Protein Discovery May Lead to Hearing Recovery

Hearing loss has been one of those invisible and mostly insoluble afflictions that cause stress and suffering for many. However, now scientists are drawing closer to finding the cause of many congenital forms of deafness and in the process are uncovering possible solutions and cures.

The last two years in particular have witnessed some very exciting new developments in the world of gene research. And the good news for the hard of hearing is that there may be light (and sound) at the end of the long dark tunnel.

Identifying the proteins that trigger hearing loss

In 2014, a team of researchers in France discovered that the absence of a particular protein or a malfunction in the gene that generates that protein causes profound deafness in mice and humans[1].

Three variants of this protein, protocadherin-15, exist in the inner ear and play a key role in transforming sound into electrical signals that can be processed by the brain. Christine Petit, Ph.D., and her team at the Institut Pasteur in Paris and at Collège de France engineered mice that were missing the CD2 isoform of this protein and observed that the mice became completely deaf.

The absence of the other two variants of the protein had no discernible effect on the mice’s hearing. The same genetic mutation was observable in profoundly deaf children allowing researchers to extrapolate these results to humans.

This discovery opens up the field for further research into gene therapy that will reverse this particular form of hereditary hearing loss.

Also in 2014, a joint study conducted by the National Institutes of Health’s National Institute on Deafness and Other Communication Disorders (NIDCD) and the National Heart, Lung, and Blood Institute (NHLBI) made great progress in exploring the function of the myosin 15 protein[2]. Myosin 15 is thought to be pivotal in the development of healthy hearing structures such as stereocilia.

Likewise, problems with this protein are a major cause of hereditary hearing loss and an increased understanding of the function of myosin 15 will play a key role in developing effective gene therapies.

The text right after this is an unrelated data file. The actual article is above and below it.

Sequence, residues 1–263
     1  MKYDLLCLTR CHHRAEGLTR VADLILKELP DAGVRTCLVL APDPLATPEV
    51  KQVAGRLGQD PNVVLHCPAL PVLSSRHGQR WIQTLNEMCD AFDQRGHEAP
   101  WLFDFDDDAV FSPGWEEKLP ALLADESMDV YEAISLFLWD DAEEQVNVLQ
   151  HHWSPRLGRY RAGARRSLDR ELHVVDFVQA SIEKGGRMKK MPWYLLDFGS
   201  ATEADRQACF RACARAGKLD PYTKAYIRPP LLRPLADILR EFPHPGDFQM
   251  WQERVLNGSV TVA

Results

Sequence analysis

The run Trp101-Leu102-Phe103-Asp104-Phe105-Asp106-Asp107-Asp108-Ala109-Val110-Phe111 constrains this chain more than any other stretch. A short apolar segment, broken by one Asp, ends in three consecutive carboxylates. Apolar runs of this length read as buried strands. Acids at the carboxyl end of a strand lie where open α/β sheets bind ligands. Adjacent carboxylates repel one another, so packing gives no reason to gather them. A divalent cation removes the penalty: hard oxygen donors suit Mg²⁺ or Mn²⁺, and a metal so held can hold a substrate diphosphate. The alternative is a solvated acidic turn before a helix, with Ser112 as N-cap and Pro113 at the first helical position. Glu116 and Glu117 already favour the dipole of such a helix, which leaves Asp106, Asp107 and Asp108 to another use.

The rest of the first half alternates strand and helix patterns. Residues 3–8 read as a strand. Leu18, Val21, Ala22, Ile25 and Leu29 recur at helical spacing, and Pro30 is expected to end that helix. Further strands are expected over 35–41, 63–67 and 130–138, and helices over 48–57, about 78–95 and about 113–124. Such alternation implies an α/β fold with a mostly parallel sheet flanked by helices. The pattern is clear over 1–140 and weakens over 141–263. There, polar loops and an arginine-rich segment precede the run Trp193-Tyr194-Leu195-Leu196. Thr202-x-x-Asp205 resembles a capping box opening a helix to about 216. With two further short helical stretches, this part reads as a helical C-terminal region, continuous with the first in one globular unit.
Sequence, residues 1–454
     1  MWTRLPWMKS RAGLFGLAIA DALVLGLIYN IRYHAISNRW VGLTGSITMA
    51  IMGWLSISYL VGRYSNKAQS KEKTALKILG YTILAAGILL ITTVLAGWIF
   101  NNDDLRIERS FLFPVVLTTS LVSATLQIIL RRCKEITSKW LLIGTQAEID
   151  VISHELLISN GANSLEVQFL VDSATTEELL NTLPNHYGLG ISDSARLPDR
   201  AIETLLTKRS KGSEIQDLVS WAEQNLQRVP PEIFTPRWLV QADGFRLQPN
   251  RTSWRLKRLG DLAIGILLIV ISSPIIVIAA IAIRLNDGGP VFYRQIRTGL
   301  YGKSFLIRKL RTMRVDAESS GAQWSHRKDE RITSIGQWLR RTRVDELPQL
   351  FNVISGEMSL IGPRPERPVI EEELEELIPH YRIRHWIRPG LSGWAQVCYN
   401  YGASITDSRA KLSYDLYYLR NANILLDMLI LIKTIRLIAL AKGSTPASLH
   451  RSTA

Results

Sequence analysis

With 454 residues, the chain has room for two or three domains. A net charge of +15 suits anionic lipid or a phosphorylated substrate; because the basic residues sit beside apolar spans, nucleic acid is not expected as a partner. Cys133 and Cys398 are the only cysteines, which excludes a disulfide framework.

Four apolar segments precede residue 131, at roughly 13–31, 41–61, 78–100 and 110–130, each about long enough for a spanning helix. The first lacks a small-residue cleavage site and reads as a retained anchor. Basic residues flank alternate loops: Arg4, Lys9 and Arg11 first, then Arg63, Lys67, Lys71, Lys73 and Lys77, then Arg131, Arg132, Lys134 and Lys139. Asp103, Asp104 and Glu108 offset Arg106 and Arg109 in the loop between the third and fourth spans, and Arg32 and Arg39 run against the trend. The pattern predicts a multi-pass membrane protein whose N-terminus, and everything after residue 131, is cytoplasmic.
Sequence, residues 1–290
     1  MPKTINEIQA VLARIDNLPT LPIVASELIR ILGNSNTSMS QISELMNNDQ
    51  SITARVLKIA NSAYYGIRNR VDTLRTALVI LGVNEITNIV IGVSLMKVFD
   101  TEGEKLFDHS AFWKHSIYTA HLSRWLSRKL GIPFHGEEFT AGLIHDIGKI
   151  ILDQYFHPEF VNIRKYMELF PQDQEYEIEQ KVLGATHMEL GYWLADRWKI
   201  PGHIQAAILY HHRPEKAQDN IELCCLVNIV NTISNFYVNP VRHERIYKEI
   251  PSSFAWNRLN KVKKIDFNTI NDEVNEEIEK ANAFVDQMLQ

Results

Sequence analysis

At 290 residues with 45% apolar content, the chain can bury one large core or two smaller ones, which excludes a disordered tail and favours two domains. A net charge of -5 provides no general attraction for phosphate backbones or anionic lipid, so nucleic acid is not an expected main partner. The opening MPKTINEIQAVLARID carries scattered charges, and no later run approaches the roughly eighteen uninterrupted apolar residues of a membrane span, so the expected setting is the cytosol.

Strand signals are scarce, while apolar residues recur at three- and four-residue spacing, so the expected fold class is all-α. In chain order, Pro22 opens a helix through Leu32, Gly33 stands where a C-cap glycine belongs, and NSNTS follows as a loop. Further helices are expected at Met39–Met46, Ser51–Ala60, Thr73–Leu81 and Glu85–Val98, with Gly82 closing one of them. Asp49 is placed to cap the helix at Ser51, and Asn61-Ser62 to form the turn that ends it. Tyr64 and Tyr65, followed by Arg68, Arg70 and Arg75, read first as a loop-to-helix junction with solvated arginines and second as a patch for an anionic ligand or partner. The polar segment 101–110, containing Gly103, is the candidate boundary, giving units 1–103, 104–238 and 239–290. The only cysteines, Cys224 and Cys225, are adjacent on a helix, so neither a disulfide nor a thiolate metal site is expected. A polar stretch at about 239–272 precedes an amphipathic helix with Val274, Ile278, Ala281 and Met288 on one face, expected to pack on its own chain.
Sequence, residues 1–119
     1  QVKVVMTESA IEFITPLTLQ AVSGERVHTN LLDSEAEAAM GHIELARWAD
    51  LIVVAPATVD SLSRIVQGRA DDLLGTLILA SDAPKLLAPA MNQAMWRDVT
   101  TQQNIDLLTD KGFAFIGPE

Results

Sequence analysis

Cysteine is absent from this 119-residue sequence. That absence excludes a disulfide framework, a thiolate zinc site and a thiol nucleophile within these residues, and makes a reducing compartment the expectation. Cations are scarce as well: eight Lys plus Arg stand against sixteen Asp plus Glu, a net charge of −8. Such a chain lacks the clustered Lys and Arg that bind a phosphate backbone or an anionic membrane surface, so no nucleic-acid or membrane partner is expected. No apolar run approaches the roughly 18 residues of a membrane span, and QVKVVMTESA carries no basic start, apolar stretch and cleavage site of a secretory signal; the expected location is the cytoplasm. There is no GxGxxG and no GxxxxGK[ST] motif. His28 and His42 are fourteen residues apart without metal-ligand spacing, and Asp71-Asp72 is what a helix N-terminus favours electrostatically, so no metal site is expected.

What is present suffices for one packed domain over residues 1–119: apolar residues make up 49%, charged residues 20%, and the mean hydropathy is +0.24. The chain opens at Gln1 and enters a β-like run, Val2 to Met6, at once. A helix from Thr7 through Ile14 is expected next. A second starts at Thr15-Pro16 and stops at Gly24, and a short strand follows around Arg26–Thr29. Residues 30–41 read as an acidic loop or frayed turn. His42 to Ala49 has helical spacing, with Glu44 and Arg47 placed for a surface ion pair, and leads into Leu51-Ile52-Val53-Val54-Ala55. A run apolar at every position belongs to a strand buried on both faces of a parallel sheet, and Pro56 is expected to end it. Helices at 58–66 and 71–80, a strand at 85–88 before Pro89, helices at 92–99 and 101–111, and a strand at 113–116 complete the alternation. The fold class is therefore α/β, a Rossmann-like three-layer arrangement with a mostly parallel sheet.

It’s all in the genes

With mutations in more than 70 different genes being responsible for hereditary deafness in humans[3] there remains a lot of work to isolate, map and understand this area of hearing loss. But each step taken is a step closer to a cure.

In July this year, scientists at École Polytechnique Fédérale de Lausanne made an extraordinary breakthrough in gene therapy with the gene, TMC1, a gene that when it mutates causes around 4-8% of genetic deafness in humans.

Children with a recessive or mutant form of TMC1 usually develop profound deafness by the age of two to fifteen years old. Currently, the only solutions in such cases are hearing aids or cochlear implants.

The scientists worked with mice that had been engineered with two mutant forms of the TMC1 gene to mimic the deafness found in similarly affected humans.

Scientists injected the deaf mice with an engineered virus and a promoter to carry a healthy version of the TMC1 gene. The results were exciting: a measurable electrical pulse in the hair cells and restoration of hearing. The engineered virus carrier is already in use in other human trials but there is still some work to do before this gene therapy is ready for human trials–possibly within 5-10 years time.

Again, it’s those genes

Other exciting developments this year have mirrored this success. Scientists at the University of California, San Francisco had similar success with a different gene[4]. The protein, vesicular glutamate transporter-3 (VGLUT3), formed by this particular gene is vital for processing sound into electronic signals. Likewise, this gene, in a mutant form, causes hereditary deafness in humans.

Again, using engineered mice, the researchers were able to reverse the induced hearing loss by injected healthy forms of the genetic material.

Lawrence Lustig, one of the leaders of this study says, “For years, scientists have been hinting at the possibility of gene therapy as a potential cure for deafness.  In this study, we now provide a very real and big step towards that goal.”[5]

Science may soon have the answer

Current estimates suggest that the human body contains some 2 million proteins, which are formed from between 25,000 to 30,000 genes. Unfortunately, it may only take a slight malfunction in a tiny isolated piece of the genetic code to cause havoc in the human body. But the good news is that as scientists rapidly narrow their focus down to the culprit genes they are making great strides in the search for a cure for deafness.

Keep up with the latest developments at





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